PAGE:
"It signals a change of attitude andhow we think about Microsoft as a company going forward," he said. "The company needs fresh thinking more than anything else."Before now, Bill Gates had overshadowed the way Microsoft developed, said Mr Malik. Many staffers at the software giant doubtless asked themselves what Bill would think before deciding what technologies to pursue.

"The ghost of Bill Gates is everywhere in Microsoft and that means they measure things to Bill's standards," said Mr Malik.

While it will take time for Mr Gates' influence to fade, his replacement Ray Ozzie has a very different outlook on the software world.

All of which are great points – the news that Bill is shifting his priorities did come as a shock to me late last Thursday night but it should not have done really. The guy has been running this joint for over 30 years and he has done an amazing job. That job he has done has made him a wealthy man, a wealth that not many of us can begin to comprehend and with that comes responsibility. I can see where the guy is coming from – he does not want to leave this world having had any regrets about how he has used his time, expertise, contacts and wealth to make an impression from not only a technology point of view but in the standard of health of many millions of people – Go Bill go i say!

Now i think that the manner and timing in which this communication has been managed is excellent and i'll come on to substantiate why but it also raised some questions for me too, such as why shout this so close to the end of our fiscal? On the up, we have a two year run to Bill disolving his involvement and ensuring he does a good handover – Crikey i managed 3 weeks when i left Energis, maybe that says alot! but the main thing is it will not come as a shock to anyone least of all the shareholders or City groups around the globe.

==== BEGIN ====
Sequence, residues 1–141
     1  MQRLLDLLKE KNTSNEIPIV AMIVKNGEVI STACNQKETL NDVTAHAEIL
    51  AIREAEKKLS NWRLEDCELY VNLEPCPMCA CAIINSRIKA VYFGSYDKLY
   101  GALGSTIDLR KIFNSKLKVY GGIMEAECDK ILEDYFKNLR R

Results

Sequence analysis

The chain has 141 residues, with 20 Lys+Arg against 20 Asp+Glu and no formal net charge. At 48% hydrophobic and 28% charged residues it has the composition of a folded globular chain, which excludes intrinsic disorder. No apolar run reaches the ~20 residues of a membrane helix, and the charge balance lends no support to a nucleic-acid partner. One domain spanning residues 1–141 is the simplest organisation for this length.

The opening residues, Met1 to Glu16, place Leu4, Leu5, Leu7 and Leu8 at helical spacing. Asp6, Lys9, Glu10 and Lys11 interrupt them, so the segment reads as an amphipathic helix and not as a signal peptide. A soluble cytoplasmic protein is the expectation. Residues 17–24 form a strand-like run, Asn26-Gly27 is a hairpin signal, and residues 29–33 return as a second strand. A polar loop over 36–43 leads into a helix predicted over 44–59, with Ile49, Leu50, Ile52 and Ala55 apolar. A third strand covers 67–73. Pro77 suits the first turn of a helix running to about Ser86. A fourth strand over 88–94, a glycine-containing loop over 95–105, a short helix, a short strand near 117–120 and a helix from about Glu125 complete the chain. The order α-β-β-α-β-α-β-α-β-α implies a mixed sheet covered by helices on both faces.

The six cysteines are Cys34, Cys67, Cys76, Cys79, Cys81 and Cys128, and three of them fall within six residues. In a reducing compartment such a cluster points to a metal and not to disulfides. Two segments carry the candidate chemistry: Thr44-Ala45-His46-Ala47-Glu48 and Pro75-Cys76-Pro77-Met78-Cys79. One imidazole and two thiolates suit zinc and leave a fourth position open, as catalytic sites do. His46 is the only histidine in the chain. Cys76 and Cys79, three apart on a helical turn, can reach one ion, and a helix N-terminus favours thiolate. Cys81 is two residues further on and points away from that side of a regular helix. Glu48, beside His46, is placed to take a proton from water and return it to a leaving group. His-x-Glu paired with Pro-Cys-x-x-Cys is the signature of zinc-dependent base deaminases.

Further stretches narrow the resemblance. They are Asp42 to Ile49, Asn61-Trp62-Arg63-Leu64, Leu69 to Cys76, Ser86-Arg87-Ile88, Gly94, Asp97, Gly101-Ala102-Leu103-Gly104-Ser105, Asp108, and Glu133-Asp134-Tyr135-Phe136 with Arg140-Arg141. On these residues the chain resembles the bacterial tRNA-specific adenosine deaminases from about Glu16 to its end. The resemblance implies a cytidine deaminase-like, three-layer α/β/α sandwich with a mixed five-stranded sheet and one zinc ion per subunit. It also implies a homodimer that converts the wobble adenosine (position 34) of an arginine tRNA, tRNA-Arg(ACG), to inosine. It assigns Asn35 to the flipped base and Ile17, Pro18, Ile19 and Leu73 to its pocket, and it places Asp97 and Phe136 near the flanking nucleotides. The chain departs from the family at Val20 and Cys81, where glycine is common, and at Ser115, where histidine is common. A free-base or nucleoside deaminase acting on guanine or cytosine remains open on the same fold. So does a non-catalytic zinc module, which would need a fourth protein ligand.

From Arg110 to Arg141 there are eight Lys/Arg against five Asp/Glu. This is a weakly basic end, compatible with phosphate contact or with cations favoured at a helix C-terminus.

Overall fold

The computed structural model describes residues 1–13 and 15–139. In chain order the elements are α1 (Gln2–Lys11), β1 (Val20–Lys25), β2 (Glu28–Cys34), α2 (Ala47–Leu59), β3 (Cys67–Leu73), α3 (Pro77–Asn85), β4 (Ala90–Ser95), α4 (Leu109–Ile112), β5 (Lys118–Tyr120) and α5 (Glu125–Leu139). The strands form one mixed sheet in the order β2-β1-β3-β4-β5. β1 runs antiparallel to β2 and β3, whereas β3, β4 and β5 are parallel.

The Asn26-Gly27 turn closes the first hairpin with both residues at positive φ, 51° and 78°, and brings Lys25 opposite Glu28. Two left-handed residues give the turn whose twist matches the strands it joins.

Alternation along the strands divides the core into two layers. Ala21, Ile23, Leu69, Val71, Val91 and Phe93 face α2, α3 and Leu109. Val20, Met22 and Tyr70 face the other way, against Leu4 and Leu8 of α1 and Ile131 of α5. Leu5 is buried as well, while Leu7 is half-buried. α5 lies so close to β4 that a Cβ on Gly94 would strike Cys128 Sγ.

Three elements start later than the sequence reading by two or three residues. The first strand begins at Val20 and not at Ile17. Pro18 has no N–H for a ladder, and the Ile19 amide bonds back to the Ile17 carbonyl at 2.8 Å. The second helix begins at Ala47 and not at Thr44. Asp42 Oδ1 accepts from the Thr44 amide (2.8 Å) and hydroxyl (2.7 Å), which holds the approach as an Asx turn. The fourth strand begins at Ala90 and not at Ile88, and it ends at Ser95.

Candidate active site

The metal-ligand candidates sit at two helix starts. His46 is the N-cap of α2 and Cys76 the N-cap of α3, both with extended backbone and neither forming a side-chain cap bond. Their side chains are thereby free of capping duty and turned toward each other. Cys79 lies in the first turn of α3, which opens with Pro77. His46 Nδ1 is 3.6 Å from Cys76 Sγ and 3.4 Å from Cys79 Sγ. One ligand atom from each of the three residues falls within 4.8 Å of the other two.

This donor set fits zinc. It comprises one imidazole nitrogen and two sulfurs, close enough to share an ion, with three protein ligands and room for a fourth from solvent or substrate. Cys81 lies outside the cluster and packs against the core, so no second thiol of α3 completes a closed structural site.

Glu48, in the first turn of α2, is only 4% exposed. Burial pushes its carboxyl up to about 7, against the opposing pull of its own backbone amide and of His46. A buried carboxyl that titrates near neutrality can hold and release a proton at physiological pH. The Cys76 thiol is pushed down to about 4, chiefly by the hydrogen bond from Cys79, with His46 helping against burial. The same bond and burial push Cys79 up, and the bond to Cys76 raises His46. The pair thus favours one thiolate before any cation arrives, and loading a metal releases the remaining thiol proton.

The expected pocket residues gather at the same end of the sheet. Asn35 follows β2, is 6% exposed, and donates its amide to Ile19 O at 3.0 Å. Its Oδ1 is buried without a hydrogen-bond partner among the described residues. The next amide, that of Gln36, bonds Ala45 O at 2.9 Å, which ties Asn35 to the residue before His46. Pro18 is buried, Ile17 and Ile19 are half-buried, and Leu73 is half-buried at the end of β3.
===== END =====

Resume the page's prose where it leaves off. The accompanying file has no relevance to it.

What was important to realise, said Mr Courtot (commenting to the BBC) was that these changes do not just herald a shift in which technologies are used. They also bring with them big changes in what these technologies make possible, how companies prosper and what customers expect.

Gone are the days when a company could announce what it planned to put in the next release of its software and then spend years developing to that plan, Mr Courtot told the BBC News website.

The development of Vista, the next version of the Windows operating system, was a perfect example of this old-fashioned way of working.

"16 million lines of code and four years of development? This is insane," said Mr Courtot.

"Qualys develop on a continuous basis," said Mr Courtot, "there is no project that requires more than three months work."

Unlike makers of mainframe computers, such as IBM, which had about 15 years to adjust to the changes that overcame them, Microsoft was unlikely to enjoy such a period of grace said Mr Courtot.